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Dear rOpenSci friends, it’s time for our monthly news roundup!

You can read this post on our blog.
Now let’s dive into the activity at and around rOpenSci!

rOpenSci HQ

Leadership changes at rOpenSci

After 13 years at the helm of rOpenSci, our founding executive director Karthik Ram is stepping down.
Noam Ross, rOpenSci’s current lead for peer review, will be our new Executive Director.
Karthik will remain a key advisor to rOpenSci.
We thank him for his years of leadership and service to the community!

Read Karthik’s farewell post, and Noam’s post about his new role on our blog

rOpenSci Dev Guide 0.9.0: Multilingual Now! And Better

We’re delighted to announce we’ve released a new version of our guide,
“rOpenSci Packages: Development, Maintenance, and Peer Review”!

A highlight is that our guide is now bilingual (English and Spanish), thanks to work by Yanina Bellini Saibene, Elio Campitelli and Pao Corrales, and thanks to support of the Chan Zuckerberg Initiative, NumFOCUS, and the R Consortium.
Read the guide in Spanish.

Our guide is now also getting translated to Portuguese thanks to volunteers.
We are very grateful for their work!

Read more in the blog post about the release.
Thanks to all contributors who made this release possible.

Interview with Code for Thought podcast

Our community manager, Yanina Bellini Saibene, talked with Peter Schmidt of the Code for Thought podcast, about the importance of making computing materials accessible to non-English speaking learners.
Listen to the episode.
Find our more about rOpenSci multilingual publishing project.


Read all about coworking!

Join us for social coworking & office hours monthly on first Tuesdays!
Hosted by Steffi LaZerte and various community hosts.
Everyone welcome.
No RSVP needed.
Consult our Events page to find your local time and how to join.

And remember, you can always cowork independently on work related to R, work on packages that tend to be neglected, or work on what ever you need to get done!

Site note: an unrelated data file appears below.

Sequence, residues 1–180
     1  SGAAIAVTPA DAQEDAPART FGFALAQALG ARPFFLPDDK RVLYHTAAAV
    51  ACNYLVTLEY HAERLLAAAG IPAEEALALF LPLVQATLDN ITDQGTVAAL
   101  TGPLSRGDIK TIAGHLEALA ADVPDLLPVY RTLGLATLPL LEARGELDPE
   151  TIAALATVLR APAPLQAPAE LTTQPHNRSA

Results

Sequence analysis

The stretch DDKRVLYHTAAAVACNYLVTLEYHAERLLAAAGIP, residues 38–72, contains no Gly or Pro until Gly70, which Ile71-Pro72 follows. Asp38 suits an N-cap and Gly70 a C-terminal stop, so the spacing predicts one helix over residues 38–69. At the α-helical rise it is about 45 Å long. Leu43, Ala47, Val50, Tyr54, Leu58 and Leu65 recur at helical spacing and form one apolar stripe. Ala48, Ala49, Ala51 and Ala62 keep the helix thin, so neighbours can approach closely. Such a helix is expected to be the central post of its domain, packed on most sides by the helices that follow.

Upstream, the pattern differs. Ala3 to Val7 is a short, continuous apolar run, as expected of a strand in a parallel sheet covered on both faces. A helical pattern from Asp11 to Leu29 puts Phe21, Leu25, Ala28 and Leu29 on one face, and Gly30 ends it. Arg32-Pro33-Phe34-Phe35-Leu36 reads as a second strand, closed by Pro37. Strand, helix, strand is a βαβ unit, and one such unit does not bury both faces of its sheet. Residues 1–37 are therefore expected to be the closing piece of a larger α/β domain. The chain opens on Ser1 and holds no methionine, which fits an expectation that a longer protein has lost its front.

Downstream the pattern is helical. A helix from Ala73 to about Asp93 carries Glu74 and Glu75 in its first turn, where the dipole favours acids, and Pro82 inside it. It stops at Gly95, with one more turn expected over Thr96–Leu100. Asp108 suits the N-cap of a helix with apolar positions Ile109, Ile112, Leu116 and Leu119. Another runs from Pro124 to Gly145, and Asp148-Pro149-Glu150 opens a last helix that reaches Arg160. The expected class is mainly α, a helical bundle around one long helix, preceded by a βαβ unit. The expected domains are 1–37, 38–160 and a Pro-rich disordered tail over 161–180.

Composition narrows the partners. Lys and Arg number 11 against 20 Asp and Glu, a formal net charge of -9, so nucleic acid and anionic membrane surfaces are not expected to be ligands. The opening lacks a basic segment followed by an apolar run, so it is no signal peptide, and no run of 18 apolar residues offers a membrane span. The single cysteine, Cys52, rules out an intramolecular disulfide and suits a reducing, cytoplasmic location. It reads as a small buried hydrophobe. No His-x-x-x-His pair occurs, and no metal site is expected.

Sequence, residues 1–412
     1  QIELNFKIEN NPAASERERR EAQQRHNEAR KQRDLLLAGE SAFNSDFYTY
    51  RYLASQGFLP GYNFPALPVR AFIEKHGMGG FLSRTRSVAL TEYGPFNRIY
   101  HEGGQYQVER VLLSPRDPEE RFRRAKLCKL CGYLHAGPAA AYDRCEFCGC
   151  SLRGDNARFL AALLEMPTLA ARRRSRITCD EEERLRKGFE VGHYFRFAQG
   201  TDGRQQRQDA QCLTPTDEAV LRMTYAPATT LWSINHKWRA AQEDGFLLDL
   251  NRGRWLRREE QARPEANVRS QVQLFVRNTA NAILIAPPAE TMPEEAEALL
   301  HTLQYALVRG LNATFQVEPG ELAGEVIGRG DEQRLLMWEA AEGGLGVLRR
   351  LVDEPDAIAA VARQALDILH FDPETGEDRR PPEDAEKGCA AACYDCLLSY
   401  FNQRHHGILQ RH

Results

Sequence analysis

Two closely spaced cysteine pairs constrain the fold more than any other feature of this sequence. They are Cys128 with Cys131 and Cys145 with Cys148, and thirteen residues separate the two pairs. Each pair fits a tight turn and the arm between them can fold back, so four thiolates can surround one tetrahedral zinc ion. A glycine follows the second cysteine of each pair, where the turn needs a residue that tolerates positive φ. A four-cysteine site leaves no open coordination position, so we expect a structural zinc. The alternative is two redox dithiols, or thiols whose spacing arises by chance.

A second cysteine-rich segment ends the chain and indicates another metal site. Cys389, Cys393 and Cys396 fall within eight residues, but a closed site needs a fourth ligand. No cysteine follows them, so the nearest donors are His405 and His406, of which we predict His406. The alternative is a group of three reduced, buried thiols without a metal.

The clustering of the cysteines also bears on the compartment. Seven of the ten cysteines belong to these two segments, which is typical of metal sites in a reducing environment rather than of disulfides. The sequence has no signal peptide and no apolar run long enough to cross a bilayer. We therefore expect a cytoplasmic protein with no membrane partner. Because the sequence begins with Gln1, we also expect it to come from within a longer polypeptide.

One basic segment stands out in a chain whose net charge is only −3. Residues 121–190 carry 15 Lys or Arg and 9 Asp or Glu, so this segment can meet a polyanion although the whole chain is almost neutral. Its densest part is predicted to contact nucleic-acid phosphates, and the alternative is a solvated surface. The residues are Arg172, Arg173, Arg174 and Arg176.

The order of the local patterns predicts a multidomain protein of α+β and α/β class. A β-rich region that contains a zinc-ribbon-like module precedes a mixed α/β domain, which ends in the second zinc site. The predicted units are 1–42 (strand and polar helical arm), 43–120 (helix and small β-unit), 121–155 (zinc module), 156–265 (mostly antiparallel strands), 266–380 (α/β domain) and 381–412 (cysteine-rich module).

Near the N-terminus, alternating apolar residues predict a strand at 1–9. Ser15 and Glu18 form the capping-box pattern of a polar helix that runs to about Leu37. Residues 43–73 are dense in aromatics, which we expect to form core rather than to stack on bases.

Software 📦

New packages

The following three packages recently became a part of our software suite, or were recently reviewed again:

  • nuts, developed by Moritz Hennicke together with Werner Krause: Motivated by changing administrative boundaries over time, the nuts package can convert European regional data with NUTS codes between versions (2006, 2010, 2013, 2016 and 2021) and levels (NUTS 1, NUTS 2 and NUTS 3). The package uses spatial interpolation as in Lam (1983) doi:10.1559/152304083783914958 based on granular (100m x 100m) area, population and land use data provided by the European Commission’s Joint Research Center. It is available on CRAN. It has been reviewed by Pueyo-Ros Josep and Le Meur Nolwenn.

  • quadkeyr, developed by Florencia D’Andrea together with Pilar Fernandez: Quadkeyr functions generate raster images based on QuadKey-identified data, facilitating efficient integration of Tile Maps data into R workflows. In particular, Quadkeyr provides support to process and analyze Facebook mobility datasets within the R environment. It has been reviewed by Maria Paula Caldas and Vincent van Hees.

  • weatherOz, developed by Rodrigo Pires together with Anna Hepworth, Rebecca O’Leary, Jonathan Carroll, James Goldie, Dean Marchiori, Paul Melloy, Mark Padgham, Hugh Parsonage, Keith Pembleton, and Adam H. Sparks: Provides automated downloading, parsing and formatting of weather data for Australia through API endpoints provided by the Department of Primary Industries and Regional Development (DPIRD) of Western Australia and by the Science and Technology Division of the Queensland Governments Department of Environment and Science (DES). As well as the Bureau of Meteorology (BOM) of the Australian government precis and coastal forecasts, agriculture bulletin data, and downloading and importing radar and satellite imagery files. It has been reviewed by Laurens Geffert and Sam Rogers.

Discover more packages, read more about Software Peer Review.

New versions

The following nineteen packages have had an update since the last newsletter: frictionless (v1.0.3), aRxiv (0.10), cffr (v1.0.0), chromer (v0.8), drake (7.13.9), GSODR (v4.0.0), lightr (v1.7.1), lingtypology (v1.1.17), magick (2.8.3), melt (v1.11.2), nodbi (v0.10.4), nuts (v1.0.0), paleobioDB (v1.0.0), quadkeyr (v0.1.0), rtweet (v2.0.0), ruODK (v1.4.2), spocc (v1.2.3), tarchetypes (0.8.0), and targets (1.6.0).

Software Peer Review

There are thirteen recently closed and active submissions and 6 submissions on hold. Issues are at different stages:

Find out more about Software Peer Review and how to get involved.

On the blog

Software Review

Tech Notes

Calls for contributions

Calls for maintainers

If you’re interested in maintaining any of the R packages below, you might enjoy reading our blog post What Does It Mean to Maintain a Package?.

Calls for contributions

Also refer to our help wanted page – before opening a PR, we recommend asking in the issue whether help is still needed.

Package development corner

Some useful tips for R package developers. 👀